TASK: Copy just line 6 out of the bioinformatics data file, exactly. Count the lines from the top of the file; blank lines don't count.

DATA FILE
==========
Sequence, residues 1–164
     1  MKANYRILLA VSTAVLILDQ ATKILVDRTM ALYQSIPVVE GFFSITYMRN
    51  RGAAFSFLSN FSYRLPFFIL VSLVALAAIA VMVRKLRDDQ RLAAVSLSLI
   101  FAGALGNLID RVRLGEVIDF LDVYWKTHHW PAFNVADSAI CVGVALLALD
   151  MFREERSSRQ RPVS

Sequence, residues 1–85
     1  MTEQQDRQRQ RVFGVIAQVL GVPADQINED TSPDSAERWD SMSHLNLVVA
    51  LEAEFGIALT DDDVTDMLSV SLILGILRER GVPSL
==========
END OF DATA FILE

Sequence, residues 1–85